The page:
As the cost of the orgy of Christmas consumption pops up in the bank account, I wonder if I am being naive and foolish to pay through the nose for de luxe British-made things – such as pricey cashmere from Brora, say, or a gleaming stainless steel Dualit toaster, instead of the far cheaper mass-produced equivalent?
Victoria Stapleton, the remarkable woman who founded Brora in 1993, summed up the difference between cheap cashmere and her Scottish version when she told a Telegraph interviewer that a Brora jumper would probably be “double the weight” of something cheaper.
Why is that? Well, they use only the best cashmere from the goats of the Mongolian plateau. And once they bring it to Britain – where all the dyeing, milling, knitting and clever blending of the colours goes on – they discard the coarse hairs and use only the finest and longest fibres. This means that the finished product should be stronger and last longer.
Now I don’t know about you, but I like the idea of paying more for something that will last longer and keep its quality. At the same time you are contributing to the employment of British workers – like those at the venerable Scottish mill Johnstons of Elgin, which Brora uses – in satisfying jobs that require them to use worthwhile craft skills.
The same principle applies to the Dualit toaster I bought the family this year. It was hand-built in the UK, is fully repairable – I’ve ordered parts before and fitted them myself – and should last a lifetime. The only reason I’m replacing our 25-year-old model is to because we now need four slots instead of two.
Of course the world cannot flourish without the vast benefits that mass production has brought – and only a decadent Western fantasist would want to go back to some pre-industrial idyll where everything was made by artisans. But mass production doesn’t have to go hand in hand with the stripping away of skills, so that a job is reduced to a soul-destroying process of pushing a succession of buttons. This de-skilling surely takes away the essential dignity of work that Pope Leo XIII talks about in his encyclical Rerum Novarum.
Take bread. Bread became something different in 1961 when the Chorleywood Bread Process was invented. It was no longer bread as it had been made for thousands of years: cheap, nourishing and delicious. It became a foodstuff that required virtually zero skill to make, but did require high-powered machinery and a bucketful of mysterious additives – some of which do not even have to appear on the label because they’re considered to be destroyed during the baking process.
The resulting product – soft and pappy, unsatisfying, lacking any convincing “bread” taste and with a tendency to stick to the roof of your mouth – is what most of us consume.
But it doesn’t have to be like that. There are baking companies that “mass-produce” bread using an army of real, skilled bakers. They do not have to rely on high-speed mixers, massive amounts of yeast to puff up the dough quickly, and additives. Their bread is not sold dirt-cheap as a loss leader to get customers into the supermarket. Its realistic cost reflects the far greater time involved in fermenting, proving, shaping and baking the dough. That is a magical process which runs through the Bible like a wheaten thread – and simply cannot be improved on.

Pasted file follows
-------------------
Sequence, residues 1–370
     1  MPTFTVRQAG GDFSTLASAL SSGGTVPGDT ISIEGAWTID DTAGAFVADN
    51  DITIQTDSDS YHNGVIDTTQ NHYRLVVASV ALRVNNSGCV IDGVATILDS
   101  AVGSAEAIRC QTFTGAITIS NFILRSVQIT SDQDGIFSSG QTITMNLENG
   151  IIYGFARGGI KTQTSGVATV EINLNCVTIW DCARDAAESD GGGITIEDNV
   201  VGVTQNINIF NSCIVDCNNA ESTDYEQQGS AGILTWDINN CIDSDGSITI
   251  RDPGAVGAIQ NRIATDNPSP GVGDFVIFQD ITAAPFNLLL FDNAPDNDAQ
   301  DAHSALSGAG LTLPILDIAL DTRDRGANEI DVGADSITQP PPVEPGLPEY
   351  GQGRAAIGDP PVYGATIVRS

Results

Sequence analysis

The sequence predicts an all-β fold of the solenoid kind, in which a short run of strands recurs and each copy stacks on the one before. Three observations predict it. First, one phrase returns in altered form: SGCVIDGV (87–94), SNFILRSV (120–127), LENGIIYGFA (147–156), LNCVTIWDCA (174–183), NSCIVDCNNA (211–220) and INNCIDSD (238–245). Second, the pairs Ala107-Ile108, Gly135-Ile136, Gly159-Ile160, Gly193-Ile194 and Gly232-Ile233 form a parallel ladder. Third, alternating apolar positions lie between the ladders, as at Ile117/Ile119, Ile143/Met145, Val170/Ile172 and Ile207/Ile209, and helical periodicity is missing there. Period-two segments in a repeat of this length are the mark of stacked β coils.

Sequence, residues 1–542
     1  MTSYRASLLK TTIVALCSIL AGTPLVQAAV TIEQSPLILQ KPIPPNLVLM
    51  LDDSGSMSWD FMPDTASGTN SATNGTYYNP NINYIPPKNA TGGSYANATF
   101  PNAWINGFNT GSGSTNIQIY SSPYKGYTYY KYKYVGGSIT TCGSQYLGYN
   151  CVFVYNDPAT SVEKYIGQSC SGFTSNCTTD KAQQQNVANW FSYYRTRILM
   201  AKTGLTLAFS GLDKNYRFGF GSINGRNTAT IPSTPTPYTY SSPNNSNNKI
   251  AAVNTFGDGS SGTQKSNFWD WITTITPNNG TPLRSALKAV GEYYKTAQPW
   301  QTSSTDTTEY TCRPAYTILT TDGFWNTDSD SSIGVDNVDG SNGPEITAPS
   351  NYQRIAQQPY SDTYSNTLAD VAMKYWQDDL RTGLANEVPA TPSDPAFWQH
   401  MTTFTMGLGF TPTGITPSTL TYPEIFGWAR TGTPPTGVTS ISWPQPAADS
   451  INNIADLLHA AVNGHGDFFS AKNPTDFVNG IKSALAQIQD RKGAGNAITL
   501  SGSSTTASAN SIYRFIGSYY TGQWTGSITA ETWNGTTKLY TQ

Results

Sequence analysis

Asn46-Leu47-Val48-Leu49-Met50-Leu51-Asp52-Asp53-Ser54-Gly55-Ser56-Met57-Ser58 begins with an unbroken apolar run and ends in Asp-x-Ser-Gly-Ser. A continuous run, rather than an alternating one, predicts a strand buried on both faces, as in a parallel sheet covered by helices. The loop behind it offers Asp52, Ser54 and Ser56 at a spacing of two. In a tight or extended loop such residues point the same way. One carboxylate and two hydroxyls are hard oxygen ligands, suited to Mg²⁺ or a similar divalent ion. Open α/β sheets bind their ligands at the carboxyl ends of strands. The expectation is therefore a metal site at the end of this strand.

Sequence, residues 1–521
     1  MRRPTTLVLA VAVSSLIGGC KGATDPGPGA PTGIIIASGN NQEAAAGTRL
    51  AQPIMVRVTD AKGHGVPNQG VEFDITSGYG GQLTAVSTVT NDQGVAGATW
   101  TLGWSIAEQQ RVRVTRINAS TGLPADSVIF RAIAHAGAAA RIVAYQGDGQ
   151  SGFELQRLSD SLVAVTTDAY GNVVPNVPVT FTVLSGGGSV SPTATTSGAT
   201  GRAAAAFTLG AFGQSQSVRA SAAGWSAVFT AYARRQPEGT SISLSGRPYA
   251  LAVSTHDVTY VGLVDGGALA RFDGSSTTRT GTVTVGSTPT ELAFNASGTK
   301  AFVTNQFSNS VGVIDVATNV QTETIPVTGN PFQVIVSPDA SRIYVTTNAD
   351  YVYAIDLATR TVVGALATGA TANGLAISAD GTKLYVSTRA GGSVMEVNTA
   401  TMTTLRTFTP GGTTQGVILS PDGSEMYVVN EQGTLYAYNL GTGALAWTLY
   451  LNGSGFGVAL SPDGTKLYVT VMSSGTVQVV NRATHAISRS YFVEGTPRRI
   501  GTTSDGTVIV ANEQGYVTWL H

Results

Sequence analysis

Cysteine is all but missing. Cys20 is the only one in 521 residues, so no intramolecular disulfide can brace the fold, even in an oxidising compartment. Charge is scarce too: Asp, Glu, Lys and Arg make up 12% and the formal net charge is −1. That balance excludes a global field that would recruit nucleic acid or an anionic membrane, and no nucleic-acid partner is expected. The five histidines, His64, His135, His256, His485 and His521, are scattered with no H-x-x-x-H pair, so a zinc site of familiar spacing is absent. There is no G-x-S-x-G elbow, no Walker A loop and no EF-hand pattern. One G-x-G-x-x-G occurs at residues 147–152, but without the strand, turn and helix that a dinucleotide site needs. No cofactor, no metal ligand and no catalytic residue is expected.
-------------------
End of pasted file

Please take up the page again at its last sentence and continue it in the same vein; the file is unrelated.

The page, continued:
The loaf that emerges from the ovens of real bakers is something that enhances life. No country with any respect for its food culture would accept the kind of bread that we eat routinely.
For pure, joyous escapism my wife and I spent much of December watching, for a second time since we first saw it in 2013, the crime series Breaking Bad, set in Albuquerque, New Mexico, about a secondary school science teacher turned methamphetamine manufacturer.
There is something strangely relaxing about watching people who are constantly in a state of high stress. They’re more stressed than you are. It is a sort of cognitive therapy.
Vince Gilligan, the show’s creator, imbues it with a strong moral undercurrent. One way or another evil does not go unpunished.
There is a moment early on when the antihero Walter White admonishes his former pupil and fellow meth cook, Jesse: “No more bloodshed! No violence.” Since they have already dissolved someone in acid so potent that it burns a bloody hole through the floor, Walter probably knows that this is a vain hope.
Later, Walter’s wife, Skyler, is terrified, and begging him to admit that he is in danger. He replies: “I am not in danger … I am the danger … A guy opens his door and gets shot, and you think that of me? No. I am the one who knocks.” By then we know he has truly “broken bad”.
Andrew M Brown is obituaries editor of the Daily Telegraph
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